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Salary hike for DGHC workers – Finance dept approached to lift job embargo as indefinite fast enters 2nd day

Posted by Ramesh Khati on September 16, 2009

Darjeeling District Hospital: Facing the heat of hunger strike

Darjeeling District Hospital: Facing the heat of hunger strike

Darjeeling, Sept. 15(The Telegraph): The government has decided to increase the salaries of the 8,000-odd contractual workers of the DGHC on the second day of their indefinite hunger strike.

At the same time, the state hill affairs department has written to its finance counterpart to lift the embargo on recruitment of Group D employees, a move that had aimed to appease the protesters.

The developments have, however, failed to bring cheers to members of the Janmukti Astai Karmachari Sangatan, an affiliate of the Gorkha Janmukti Morcha. Around 6,500 members of the JAKS began the hunger strike from yesterday demanding job regularisation.

The hunger strike has also crippled the services offered by the 308-bedded Darjeeling District Hospital as 71 of its workers joined the agitation.

B.L. Meena, the administrator of the DGHC who is co-coordinating with the state government, said: “The chief minister today approved the enhancement of salaries of the contractual workers but the hiked amount will be known only tomorrow.”

Sources said the DGHC has proposed 100 per cent hike in the salaries ranging from Rs 2,000 to Rs 5,000. The workers’ body had earlier demanded that the hike should make their salaries at par with the state government employees.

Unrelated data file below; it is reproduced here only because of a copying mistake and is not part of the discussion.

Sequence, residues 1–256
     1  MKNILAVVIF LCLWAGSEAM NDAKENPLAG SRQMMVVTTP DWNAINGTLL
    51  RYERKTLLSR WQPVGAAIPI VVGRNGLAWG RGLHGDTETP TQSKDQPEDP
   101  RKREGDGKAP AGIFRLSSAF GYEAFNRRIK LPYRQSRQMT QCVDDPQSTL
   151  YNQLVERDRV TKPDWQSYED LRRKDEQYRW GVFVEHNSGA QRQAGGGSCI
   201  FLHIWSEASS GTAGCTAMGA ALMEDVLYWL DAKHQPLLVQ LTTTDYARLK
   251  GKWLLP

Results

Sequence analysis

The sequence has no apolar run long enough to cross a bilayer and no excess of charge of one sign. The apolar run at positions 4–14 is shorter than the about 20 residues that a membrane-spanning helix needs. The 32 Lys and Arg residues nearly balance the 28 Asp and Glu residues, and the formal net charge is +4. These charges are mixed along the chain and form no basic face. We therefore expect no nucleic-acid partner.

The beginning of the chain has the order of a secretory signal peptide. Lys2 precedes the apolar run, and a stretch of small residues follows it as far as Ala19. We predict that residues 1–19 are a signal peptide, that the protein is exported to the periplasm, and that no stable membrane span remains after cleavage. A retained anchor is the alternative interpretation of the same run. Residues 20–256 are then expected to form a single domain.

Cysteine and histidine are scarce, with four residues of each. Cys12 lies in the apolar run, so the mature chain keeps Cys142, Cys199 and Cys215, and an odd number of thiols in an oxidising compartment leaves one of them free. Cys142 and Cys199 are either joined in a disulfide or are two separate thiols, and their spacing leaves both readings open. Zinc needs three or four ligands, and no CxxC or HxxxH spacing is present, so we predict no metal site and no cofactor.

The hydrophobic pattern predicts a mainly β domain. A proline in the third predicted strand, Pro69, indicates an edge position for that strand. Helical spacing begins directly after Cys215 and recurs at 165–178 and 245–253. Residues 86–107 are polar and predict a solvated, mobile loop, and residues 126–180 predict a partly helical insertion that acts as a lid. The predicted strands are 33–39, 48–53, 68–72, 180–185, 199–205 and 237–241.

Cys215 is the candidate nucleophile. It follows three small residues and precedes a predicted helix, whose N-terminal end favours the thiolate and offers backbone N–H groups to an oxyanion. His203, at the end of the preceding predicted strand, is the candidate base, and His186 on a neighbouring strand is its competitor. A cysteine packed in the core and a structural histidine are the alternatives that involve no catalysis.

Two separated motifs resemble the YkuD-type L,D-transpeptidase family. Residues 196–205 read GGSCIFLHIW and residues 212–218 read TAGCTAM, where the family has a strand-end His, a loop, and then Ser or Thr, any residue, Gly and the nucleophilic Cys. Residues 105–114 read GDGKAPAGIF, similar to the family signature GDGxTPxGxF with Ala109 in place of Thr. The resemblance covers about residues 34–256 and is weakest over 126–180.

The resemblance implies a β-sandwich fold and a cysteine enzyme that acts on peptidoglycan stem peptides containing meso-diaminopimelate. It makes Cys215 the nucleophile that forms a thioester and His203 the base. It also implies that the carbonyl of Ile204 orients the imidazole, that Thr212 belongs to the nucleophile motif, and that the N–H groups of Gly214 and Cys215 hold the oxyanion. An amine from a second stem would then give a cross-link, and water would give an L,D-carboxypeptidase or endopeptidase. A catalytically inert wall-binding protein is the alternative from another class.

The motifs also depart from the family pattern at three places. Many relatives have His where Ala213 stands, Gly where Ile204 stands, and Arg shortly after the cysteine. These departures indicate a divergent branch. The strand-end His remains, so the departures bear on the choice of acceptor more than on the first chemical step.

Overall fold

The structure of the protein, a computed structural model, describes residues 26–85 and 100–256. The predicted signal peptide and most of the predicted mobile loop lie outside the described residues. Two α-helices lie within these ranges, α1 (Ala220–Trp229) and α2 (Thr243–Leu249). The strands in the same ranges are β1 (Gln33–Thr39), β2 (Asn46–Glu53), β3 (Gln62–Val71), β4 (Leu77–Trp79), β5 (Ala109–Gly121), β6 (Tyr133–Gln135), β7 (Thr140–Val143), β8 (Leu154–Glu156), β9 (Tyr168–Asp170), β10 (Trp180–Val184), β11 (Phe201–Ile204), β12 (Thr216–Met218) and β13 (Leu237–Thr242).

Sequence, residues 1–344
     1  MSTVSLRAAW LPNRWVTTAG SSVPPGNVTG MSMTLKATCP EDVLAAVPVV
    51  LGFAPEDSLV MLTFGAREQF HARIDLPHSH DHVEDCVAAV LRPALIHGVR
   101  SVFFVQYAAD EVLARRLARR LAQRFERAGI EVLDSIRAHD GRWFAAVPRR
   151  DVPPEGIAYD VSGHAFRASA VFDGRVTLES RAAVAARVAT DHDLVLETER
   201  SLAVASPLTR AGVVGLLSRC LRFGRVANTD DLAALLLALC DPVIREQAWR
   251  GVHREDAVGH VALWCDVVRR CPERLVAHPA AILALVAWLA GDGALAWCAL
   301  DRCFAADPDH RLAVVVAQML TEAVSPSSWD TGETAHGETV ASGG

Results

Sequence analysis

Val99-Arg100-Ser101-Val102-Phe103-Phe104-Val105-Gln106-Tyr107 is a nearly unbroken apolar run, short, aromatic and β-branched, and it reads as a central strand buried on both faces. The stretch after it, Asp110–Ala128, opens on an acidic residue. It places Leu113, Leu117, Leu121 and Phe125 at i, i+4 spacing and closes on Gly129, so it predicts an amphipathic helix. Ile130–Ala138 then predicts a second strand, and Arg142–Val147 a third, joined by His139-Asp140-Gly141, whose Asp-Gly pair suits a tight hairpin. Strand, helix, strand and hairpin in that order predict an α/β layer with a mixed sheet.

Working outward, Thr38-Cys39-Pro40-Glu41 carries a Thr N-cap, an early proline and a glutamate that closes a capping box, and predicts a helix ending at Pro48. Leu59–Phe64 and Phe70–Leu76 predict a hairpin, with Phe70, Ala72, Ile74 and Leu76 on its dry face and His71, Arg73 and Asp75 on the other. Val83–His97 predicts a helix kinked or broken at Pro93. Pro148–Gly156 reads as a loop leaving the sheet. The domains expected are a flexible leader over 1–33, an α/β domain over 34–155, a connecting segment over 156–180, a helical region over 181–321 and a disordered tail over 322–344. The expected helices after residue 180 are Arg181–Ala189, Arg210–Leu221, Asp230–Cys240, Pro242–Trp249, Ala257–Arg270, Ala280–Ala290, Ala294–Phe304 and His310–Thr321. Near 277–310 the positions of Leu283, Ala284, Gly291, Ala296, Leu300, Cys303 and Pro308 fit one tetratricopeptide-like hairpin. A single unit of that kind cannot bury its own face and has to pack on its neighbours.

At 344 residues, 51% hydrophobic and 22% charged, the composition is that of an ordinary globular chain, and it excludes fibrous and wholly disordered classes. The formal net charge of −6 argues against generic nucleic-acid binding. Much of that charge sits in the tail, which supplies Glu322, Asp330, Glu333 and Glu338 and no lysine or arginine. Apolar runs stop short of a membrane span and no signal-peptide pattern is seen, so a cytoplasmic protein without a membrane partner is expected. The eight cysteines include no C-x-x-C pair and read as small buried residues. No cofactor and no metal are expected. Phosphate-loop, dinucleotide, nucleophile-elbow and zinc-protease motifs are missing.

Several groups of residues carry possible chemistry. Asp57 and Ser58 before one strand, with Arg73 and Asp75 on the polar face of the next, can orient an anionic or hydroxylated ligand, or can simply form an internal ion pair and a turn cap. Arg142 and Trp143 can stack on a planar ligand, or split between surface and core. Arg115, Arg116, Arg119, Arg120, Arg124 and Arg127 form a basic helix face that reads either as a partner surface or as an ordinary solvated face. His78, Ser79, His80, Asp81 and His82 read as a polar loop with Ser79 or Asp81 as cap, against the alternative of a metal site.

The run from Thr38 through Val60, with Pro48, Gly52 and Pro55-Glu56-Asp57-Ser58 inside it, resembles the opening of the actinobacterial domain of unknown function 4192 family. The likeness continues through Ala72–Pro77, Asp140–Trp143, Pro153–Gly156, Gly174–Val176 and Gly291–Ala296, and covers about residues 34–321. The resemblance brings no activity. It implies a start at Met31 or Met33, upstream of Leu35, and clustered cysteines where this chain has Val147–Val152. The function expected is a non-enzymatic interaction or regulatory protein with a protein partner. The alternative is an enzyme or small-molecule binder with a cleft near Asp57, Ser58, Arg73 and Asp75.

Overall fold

Meena said the hill affairs department, which looks after the DGHC, had moved a file to the state finance department requesting it to lift the embargo on recruitment of Group D staff. “There was an embargo on recruitment of Group D and this had delayed the process of regularisation,” Meena added.

However, the government’s assurance seems to have come a “bit too late” as it had agreed to start the job regularisation process within three months of a meeting between JAKS members and additional chief secretary Ardhendu Sen in Calcutta on June 9.

Citing this breach of promise, the JAKS said it would not withdraw the hunger strike unless the regularisation process starts. “We have not heard anything but even if the government has decided to enhance the salaries, it has acted a bit too late,” said Deepak Sharma, spokesperson, JAKS.

Sharma also described the move for lifting the embargo on recruitment merely an eyewash. “The embargo is only for fresh recruitment in Group D category. We have been working in the DGHC for the past 21 years and hence the embargo should not be applicable to us,” he said.

On the problems being faced by the district hospital, Ranajit Ghosh, the superintendent, said: “Supplying water from our hospital tanks is becoming tough as the plumbers have also joined the strike. I did manage to get a private plumber but things are not yet smooth as the new plumber is not aware of the different pipelines.”

A short-staffed hospital has already started cancelling pre-scheduled operations and is only taking care of emergency cases. “Two technicians are looking after the blood bank and they are being forced to work for 24 hours. There are no technicians at the ECG unit and the physician himself is doing the ECG during emergency,” Ghosh said.

With almost one-third of the total hospital workers on strike, the permanent employees are also being stressed out. “For how long can they carry one?” said a doctor.

The hospital has a shortfall of 11 doctors.

Surendra Gupta, the district magistrate of Darjeeling, admitted that there could be problems. “Although we have alerted the hospital and formed medical teams, the sheer number of people sitting on a hunger strike could pose a lot of problems,” he said.

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